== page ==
I may be time-stamping myself here, but some of you may remember Brother Dominic:
Brother Dominic finishes a painstakingly-illuminated manuscript and brings it to his Abbot, who likes it very much and wants 500 more copies. Being a modern monk who no doubt reads both Popular Mechanics and Analog in his spare time, Brother Dominic finds a technological solution to his problem. The Abbot is amazed. “It’s a miracle!”
Now, we could take Brother Dominic to task for not coming clean and correcting the Abbot’s misconception, but more on that later.
As readers and writers of speculative fiction, we’re marinated in the miraculous. It’s easy to take for granted. All sorts of things happen that transcend the comprehension and capabilities of mortal men. Particularly in science fiction, there’s a rational explanation for most events, and it’s often tied to the technical sophistication of the society in question. Arthur C. Clarke coined a maxim about this, popularly known as Clarke’s Third Law: “Any sufficiently-advanced technology will be indistinguishable from magic.” I’m not equating magic and miracles here, but from what I know of Mr. Clarke, I doubt he’d have had any problem substituting “miracles” for “magic” in his maxim. You see a similar confusion between Divine intervention and paranormal manipulation in the Bible from the Egyptian Pharoah (Exodus 8:17-19) and Simon Magus (Acts 8:18-24).
The point is, technology can look supernatural. Imagine bringing a 1st Century man into our time and showing him any number of things we use every day: cell phones, television, electric lights–he’d have trouble interpreting them any other way than as magical talismans. And let’s face it–most of us don’t understand how this technology works, either. A common reply when asked to explain some complex device? “I don’t know–it’s magic.”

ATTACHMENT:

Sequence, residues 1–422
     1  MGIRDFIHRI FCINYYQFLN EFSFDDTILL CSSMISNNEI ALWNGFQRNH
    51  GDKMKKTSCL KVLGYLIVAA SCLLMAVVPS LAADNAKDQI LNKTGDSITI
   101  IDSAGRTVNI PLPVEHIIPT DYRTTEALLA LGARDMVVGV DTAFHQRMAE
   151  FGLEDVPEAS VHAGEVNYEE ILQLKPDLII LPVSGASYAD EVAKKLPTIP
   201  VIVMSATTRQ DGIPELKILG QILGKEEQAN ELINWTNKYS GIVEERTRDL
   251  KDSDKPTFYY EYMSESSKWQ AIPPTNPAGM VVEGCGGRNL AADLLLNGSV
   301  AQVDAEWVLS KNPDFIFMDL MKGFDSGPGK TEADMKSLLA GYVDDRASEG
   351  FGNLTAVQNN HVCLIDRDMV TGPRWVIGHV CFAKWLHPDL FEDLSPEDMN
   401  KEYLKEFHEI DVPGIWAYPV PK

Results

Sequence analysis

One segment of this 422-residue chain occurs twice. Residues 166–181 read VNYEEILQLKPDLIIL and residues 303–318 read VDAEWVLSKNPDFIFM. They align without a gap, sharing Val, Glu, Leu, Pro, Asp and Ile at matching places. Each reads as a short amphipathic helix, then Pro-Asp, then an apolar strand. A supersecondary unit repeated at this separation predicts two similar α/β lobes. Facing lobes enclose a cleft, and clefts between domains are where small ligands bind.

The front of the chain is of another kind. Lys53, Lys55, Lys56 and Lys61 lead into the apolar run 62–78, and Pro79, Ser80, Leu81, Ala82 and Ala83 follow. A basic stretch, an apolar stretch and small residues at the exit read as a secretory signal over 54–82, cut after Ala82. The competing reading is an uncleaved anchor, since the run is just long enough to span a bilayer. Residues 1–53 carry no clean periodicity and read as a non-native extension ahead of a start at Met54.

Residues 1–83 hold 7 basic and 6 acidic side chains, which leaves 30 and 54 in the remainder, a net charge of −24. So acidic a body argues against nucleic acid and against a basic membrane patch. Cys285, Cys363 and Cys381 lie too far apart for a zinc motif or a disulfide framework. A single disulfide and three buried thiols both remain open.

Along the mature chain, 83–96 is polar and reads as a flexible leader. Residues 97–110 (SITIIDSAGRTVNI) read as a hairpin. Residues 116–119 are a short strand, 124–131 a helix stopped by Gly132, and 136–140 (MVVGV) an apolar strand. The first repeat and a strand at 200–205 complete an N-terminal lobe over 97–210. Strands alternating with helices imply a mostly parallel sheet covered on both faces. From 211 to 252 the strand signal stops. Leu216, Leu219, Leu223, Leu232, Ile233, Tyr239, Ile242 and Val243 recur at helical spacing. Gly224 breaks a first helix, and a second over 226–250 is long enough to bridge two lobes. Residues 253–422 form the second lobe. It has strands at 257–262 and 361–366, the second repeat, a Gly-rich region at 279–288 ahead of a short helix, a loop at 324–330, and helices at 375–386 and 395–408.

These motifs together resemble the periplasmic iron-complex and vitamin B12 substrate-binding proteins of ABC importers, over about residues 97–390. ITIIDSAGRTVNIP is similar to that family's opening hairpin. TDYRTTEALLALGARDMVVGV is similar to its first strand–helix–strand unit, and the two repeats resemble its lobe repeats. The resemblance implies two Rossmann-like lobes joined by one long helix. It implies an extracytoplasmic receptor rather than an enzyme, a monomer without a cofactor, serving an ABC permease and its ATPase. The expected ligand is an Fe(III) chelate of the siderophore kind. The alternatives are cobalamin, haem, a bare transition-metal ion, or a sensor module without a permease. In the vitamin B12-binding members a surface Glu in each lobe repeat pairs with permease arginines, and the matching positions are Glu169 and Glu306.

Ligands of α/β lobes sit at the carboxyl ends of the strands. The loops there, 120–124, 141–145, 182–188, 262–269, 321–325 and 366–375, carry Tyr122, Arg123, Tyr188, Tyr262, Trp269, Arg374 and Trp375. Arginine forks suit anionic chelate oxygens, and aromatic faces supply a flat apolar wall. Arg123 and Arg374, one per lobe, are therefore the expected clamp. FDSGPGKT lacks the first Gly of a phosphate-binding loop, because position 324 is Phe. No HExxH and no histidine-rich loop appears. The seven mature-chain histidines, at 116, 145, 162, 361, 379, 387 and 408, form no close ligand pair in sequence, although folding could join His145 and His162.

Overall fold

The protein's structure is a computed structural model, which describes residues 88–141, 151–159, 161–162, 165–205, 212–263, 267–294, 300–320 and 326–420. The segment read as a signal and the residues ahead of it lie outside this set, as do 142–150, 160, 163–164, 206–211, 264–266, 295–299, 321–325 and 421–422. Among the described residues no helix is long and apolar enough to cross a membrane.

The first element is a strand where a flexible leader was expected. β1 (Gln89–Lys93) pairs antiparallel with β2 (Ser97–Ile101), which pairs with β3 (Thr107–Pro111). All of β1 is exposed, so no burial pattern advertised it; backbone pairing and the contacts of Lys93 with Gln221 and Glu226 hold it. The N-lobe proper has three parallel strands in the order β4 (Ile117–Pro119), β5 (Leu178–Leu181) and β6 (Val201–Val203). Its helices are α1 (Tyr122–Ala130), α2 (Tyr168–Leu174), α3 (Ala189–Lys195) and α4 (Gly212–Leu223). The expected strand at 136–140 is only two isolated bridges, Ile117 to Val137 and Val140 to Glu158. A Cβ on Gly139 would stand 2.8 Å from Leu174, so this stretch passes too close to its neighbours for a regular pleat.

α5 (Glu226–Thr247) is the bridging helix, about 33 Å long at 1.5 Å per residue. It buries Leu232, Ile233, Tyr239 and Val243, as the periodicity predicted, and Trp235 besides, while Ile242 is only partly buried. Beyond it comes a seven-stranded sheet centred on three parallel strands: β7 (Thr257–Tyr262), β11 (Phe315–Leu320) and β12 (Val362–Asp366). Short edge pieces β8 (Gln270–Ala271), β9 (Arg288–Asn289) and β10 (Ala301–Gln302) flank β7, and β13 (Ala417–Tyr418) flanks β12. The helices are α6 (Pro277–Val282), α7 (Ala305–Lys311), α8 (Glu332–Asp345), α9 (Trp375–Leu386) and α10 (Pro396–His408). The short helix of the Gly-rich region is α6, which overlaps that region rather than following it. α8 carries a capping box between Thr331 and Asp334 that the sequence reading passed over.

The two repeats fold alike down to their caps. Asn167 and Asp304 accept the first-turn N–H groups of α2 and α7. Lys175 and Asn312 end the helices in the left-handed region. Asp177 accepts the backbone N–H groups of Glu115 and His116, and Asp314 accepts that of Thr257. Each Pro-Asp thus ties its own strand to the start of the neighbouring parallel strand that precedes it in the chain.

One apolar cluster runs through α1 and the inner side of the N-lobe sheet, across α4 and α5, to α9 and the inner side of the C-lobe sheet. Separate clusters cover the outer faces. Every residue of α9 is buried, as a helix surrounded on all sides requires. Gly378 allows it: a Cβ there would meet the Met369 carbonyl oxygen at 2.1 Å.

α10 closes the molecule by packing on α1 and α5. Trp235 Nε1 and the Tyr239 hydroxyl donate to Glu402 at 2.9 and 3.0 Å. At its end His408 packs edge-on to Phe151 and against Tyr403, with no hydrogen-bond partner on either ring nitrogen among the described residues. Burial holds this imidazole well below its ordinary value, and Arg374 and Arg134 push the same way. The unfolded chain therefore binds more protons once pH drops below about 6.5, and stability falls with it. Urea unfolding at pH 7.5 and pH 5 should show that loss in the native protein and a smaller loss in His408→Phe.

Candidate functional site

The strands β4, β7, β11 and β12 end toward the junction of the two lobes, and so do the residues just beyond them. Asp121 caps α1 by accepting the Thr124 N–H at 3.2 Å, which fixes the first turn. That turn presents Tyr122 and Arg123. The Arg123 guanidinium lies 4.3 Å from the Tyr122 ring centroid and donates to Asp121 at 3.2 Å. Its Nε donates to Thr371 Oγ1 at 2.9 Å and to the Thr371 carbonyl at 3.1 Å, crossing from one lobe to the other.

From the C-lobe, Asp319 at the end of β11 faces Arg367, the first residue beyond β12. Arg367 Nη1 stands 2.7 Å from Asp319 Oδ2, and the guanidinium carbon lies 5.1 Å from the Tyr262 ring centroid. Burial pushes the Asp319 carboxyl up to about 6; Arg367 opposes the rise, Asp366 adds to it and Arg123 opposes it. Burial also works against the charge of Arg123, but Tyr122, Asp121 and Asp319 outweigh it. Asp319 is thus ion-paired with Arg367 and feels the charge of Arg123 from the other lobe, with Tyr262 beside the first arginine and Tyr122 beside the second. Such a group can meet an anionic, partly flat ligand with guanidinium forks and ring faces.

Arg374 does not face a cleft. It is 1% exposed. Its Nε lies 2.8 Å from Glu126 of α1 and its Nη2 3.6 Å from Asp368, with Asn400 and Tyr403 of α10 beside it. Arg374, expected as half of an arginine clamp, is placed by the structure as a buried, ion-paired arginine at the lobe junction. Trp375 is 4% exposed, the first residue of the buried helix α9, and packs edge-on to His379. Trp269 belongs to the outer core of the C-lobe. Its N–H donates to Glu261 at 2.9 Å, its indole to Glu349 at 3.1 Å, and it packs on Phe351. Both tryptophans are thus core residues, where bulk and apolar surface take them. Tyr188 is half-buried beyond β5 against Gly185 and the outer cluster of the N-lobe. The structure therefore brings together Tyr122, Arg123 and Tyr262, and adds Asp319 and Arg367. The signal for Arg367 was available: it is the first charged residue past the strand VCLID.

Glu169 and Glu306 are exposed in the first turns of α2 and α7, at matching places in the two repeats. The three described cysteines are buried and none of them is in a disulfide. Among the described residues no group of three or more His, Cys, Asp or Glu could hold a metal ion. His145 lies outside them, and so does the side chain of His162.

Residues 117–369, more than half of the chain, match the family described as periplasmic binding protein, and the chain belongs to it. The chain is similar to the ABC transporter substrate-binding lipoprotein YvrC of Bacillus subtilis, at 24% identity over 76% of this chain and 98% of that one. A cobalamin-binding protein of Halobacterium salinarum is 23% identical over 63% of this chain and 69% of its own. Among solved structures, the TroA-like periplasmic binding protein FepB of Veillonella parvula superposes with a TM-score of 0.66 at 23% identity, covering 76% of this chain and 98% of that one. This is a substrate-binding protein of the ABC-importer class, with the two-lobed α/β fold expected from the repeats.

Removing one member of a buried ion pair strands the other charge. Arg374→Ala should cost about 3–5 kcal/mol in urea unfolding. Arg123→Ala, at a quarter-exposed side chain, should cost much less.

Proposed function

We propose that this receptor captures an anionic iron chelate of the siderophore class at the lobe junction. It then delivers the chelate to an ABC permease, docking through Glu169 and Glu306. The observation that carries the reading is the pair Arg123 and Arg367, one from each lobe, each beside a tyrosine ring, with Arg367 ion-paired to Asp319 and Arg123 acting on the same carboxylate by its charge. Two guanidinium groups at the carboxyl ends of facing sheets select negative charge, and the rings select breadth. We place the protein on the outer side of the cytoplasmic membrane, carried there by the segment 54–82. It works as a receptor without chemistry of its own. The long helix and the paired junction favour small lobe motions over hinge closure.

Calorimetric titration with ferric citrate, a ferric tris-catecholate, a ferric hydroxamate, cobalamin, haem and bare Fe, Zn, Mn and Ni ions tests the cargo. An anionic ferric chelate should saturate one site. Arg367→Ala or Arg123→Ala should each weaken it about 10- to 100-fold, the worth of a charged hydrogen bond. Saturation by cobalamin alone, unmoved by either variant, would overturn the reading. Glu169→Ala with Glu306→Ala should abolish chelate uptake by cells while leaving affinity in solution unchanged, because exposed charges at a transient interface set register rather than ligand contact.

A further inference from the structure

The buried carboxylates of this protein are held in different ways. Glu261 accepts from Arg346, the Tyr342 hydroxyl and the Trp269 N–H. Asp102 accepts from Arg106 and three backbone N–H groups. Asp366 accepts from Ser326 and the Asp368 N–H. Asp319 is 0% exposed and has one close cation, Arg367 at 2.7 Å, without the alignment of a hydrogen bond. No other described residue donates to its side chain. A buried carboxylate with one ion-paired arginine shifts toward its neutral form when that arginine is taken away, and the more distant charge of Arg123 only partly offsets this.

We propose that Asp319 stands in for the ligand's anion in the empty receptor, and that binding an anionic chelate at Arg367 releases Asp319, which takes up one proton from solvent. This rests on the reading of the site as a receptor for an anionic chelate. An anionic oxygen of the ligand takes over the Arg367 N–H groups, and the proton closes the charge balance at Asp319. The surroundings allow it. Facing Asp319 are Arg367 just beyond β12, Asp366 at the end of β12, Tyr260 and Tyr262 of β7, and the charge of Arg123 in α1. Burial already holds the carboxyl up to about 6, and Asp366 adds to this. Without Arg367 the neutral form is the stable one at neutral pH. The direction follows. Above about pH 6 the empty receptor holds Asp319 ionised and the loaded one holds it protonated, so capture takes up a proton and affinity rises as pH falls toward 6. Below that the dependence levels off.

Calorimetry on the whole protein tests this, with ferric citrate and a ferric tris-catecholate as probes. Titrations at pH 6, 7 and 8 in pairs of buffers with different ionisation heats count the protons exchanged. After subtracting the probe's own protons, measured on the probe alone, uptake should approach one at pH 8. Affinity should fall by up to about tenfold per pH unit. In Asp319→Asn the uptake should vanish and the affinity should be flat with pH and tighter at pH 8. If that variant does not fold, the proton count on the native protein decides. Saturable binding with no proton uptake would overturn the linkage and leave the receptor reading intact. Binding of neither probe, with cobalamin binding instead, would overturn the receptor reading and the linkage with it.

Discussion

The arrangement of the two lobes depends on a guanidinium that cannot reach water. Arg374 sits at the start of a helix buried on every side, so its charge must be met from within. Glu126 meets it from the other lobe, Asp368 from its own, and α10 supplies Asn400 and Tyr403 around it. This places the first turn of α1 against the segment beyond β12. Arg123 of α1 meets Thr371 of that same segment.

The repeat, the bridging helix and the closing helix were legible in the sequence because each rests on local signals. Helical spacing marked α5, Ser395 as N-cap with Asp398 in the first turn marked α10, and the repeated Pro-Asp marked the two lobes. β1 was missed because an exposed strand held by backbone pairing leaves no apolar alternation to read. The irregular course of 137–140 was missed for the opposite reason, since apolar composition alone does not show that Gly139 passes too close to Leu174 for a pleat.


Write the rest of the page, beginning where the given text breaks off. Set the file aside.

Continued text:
For Christians, there’s certainly a danger of depending on modern technology to solve our problems, and even provide miracles, at the expense of our faith in God to supply our needs. However, there’s a more insidious danger in going the other direction and slipping into a kind of spiritual Luddism that says technology is at best a distraction and at worst an imminent peril to our souls. With regard to miracles, “If science can explain it, it’s not a miracle.”
The problem I have with this point of view is that it assumes God’s intervention in the affairs of mankind is exceptional–rare, dramatic, and incomprehensible. It’s like saying God is only active in our lives when He’s parting the Red Sea or raising the dead.
The Bible tells us every good gift comes from God (James 1:16-18), “the Father of the heavenly lights.” I think it’s reasonable to conclude that everything that has emerged over the course of history that has made our lives less nasty, brutish, and short has sprung from God’s intervention and inspiration. Miracles. Millions of little ideas, insights, and happenings all building on one another. A glittering shower of illumination sprinkling down upon our benighted world from the Father of lights.
Makes me dizzy just thinking about it.
Getting back to our lovable friar–a chain of innovations and improvements stretching from Gutenberg’s printing press all the way to several thousand engineers working in cubicles at Xerox led up to the little miracle of producing 500 perfect copies of Brother Dominic’s beautiful manuscript in just a few minutes. We could say, “No, this isn’t a miracle. God didn’t make this happen, Xerox did.” Or, we might acknowledge that God had an interest and a direct role in making the printed word (and in this case, His printed Word) rapidly available to as many people as possible.
Yes, I think Brother Dominic should ‘fess up, but I think the Abbot’s got it right, too.